Can Language Minority Students Acquire Academic Vocabulary from Reading?

Gallagher, Taboada Barker, Beck, and Buehl (2019) evaluated yet another academic vocabulary intervention for middle school students. They concluded that language minority (LM) students (called “English Bilinguals” in the study) “need explicit instruction to improve vocabulary knowledge” (p. 15). They claimed to show that LM students were unable to acquire any new academic words incidentally from the texts their teachers read to them.

Their data do not support this conclusion.

The Study

The study examined the performance of 149 sixth-graders in a seven-week vocabulary intervention called “U.S. History for Engaged Readers.” There were both English-only (EOs) (called “English Monolinguals” in the paper) and LM students (called “English Bilinguals”). The LM group appeared to include both native bilinguals and English language learners.

Gallagher and colleagues selected a group of seven general academic words and 14 discipline-specific social studies terms to be taught explicitly to students. They also counted other academic and social studies words that appeared only in the assigned texts that teachers were to read to students in class (with the students following along in the book). Teachers were told that for those words, they should “draw attention” to them when reading aloud, but not give explicit instruction on them.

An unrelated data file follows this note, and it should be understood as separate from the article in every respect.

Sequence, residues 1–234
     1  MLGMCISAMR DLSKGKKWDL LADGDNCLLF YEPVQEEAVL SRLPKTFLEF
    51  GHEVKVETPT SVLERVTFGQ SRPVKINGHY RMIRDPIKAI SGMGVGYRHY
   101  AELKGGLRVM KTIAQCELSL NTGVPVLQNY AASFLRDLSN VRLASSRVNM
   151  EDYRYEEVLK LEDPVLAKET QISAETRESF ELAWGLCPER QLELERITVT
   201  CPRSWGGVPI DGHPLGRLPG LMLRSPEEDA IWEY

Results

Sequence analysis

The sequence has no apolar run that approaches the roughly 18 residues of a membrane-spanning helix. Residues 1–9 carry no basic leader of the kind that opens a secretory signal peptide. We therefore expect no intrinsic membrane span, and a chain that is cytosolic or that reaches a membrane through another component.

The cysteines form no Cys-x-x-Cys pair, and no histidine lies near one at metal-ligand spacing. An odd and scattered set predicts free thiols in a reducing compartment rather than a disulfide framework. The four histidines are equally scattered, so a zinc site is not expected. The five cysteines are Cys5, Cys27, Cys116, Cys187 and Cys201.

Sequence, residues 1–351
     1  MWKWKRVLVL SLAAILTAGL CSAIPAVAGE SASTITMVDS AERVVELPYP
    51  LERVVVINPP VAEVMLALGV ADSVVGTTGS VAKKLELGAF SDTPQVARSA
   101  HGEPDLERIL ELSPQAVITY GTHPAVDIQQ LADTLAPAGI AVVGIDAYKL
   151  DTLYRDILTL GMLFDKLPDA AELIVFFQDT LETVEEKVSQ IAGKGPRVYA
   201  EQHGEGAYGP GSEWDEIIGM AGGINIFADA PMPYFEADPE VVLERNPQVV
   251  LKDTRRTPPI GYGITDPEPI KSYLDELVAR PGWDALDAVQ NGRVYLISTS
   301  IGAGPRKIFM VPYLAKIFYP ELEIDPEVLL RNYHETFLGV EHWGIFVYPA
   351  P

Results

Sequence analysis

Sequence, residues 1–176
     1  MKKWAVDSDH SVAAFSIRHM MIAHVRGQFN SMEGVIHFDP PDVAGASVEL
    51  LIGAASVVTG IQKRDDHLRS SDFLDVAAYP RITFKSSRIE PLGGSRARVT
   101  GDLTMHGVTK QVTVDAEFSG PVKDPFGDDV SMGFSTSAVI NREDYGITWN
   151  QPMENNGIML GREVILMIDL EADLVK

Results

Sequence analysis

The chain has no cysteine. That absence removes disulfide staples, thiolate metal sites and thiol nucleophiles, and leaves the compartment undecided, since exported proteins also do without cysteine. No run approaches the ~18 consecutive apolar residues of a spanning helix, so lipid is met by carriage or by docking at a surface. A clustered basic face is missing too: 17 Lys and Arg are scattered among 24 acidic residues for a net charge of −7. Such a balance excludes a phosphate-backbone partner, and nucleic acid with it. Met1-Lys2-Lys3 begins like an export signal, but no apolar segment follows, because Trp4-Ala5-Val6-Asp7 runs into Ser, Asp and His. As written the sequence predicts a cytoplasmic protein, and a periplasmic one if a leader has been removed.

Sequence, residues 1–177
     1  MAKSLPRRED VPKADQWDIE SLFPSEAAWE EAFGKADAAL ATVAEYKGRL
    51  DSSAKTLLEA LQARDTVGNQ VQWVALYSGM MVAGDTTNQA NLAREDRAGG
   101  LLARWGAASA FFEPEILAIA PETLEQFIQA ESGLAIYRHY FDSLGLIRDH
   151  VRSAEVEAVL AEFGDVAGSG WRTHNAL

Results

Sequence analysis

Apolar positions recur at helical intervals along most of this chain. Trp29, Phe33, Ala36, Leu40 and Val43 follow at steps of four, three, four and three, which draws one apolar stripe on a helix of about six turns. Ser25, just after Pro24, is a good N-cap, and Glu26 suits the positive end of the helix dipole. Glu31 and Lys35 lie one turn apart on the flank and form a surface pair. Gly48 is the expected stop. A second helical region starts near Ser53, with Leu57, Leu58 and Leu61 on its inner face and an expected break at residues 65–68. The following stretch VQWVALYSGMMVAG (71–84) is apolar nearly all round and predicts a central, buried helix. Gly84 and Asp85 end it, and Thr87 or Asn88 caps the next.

Observations were made in each of the seven classrooms in the study to determine which words teachers actually taught and which words were only found in the related texts. They then measured how many of these “explicit” words were learned compared to the number of text-only, “incidental” words that were acquired.

Table 1 summarizes the results from the LM and EO students, with pretest and post-test scores on explicit and incidental words (from their Table 2, p. 9).

Table 1: Test Results on Reading Comprehension (Pretest) and Vocabulary for EO and LM Students

[table "33" not found /]

The researchers found that while EO students made significant progress on both explicit and incidental words, LM students only made statistically significant progress on the explicitly taught words. This finding leads Gallagher et al. to conclude that LMs cannot acquire academic vocabulary from reading alone.